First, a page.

For this month’s SWDChallenge, Cole challenged us to visualize the variance in data.
Why is it important to visualize the variance in data?
A single statistic – the mode, the median or the mean may not be a model that represents the entire dataset accurately.
For this challenge, I took the monthly rainfall data for India from the open government platform website. I decided the analyze the 10 year period 2006-2015.
The monsoon or rainy season in India is between July to September. Knowing this we would expect to see peaks in the average rainfall between these months. Plotting the average rainfall, we get exactly that.
But this does not tell the whole story. India receives its rainfall from southwest monsoons and northeast monsoons from July-March. For most time of the year, some part of India receives heavy rainfall.
Let’s plot the MAX, MIN and AVG rainfall to see this.
Though the average rainfall peaks between 300-400mm, the maximum rainfall is much higher and it spreads from April to December in most cases.
We have looked at average and max rainfalls. Let’s put these numbers into context. Next we’ll look at a boxplot to understand what is heavy rainfall in India.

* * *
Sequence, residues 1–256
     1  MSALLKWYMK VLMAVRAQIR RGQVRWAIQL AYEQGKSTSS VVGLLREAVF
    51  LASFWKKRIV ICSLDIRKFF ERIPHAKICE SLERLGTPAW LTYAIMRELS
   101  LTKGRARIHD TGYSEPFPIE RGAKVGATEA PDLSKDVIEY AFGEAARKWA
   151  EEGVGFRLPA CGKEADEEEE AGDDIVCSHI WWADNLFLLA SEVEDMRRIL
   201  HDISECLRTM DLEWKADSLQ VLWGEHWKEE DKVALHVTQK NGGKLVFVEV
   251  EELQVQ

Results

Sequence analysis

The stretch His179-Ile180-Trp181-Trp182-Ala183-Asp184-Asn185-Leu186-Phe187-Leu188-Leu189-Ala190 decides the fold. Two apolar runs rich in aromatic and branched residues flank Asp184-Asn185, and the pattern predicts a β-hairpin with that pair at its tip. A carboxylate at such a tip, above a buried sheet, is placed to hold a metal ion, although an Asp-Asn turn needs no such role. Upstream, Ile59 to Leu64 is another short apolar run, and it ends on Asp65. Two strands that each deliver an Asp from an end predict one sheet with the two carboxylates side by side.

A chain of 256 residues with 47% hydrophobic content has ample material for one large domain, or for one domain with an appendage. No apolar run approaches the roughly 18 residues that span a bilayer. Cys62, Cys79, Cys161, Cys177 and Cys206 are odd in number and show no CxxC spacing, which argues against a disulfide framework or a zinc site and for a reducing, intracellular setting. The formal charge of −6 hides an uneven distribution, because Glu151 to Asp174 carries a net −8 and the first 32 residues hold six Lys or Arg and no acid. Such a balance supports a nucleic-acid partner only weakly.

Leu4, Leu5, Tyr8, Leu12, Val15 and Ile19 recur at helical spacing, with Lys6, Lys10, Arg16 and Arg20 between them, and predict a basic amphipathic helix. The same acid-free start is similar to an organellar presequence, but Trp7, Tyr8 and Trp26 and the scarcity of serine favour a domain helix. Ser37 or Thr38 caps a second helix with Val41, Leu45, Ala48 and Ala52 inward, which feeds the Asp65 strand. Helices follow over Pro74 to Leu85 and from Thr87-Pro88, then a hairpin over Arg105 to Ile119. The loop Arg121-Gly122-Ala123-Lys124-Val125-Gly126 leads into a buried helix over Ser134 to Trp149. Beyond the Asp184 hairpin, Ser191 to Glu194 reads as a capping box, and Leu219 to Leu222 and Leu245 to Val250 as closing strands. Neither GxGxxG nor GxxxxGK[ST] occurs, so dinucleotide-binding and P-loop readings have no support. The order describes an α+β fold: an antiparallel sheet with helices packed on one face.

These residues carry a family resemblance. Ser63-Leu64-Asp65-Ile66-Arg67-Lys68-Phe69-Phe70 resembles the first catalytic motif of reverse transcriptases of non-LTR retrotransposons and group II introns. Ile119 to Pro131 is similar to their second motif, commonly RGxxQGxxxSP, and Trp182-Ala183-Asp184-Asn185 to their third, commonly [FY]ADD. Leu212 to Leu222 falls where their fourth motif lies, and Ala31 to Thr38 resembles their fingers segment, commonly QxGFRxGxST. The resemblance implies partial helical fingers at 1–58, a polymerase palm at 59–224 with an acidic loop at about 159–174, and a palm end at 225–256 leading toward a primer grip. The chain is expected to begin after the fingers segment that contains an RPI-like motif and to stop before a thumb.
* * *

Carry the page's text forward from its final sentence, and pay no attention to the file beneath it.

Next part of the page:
One way to understand this is to look at outliers. Outliers are values that are markedly higher than the other values. How higher? A commonly used rule in statistics is that a data point is an outlier if it is more than1.5 IQR above Q3 or less than 1.5 IQR below Q1, where Q3 and Q1 are the third and first quartiles respectively.
What is IQR?
IQR or interquartile range is the difference between the third quartile and first quartile.
IQR = Q3-Q1
Let’s calculate the outliers now.
Putting it all together
Putting the 2 charts together, we can see that there have been only 5 months when India experienced very heavy rainfall of over 1200mm. They are seen as peaks on the line graph and outlier points on the boxplot.
The average rainfall for all these years has more or less stayed constant. Looking at the variance though we can see that the rainfall had its ups and downs. (Click to view enlarged image)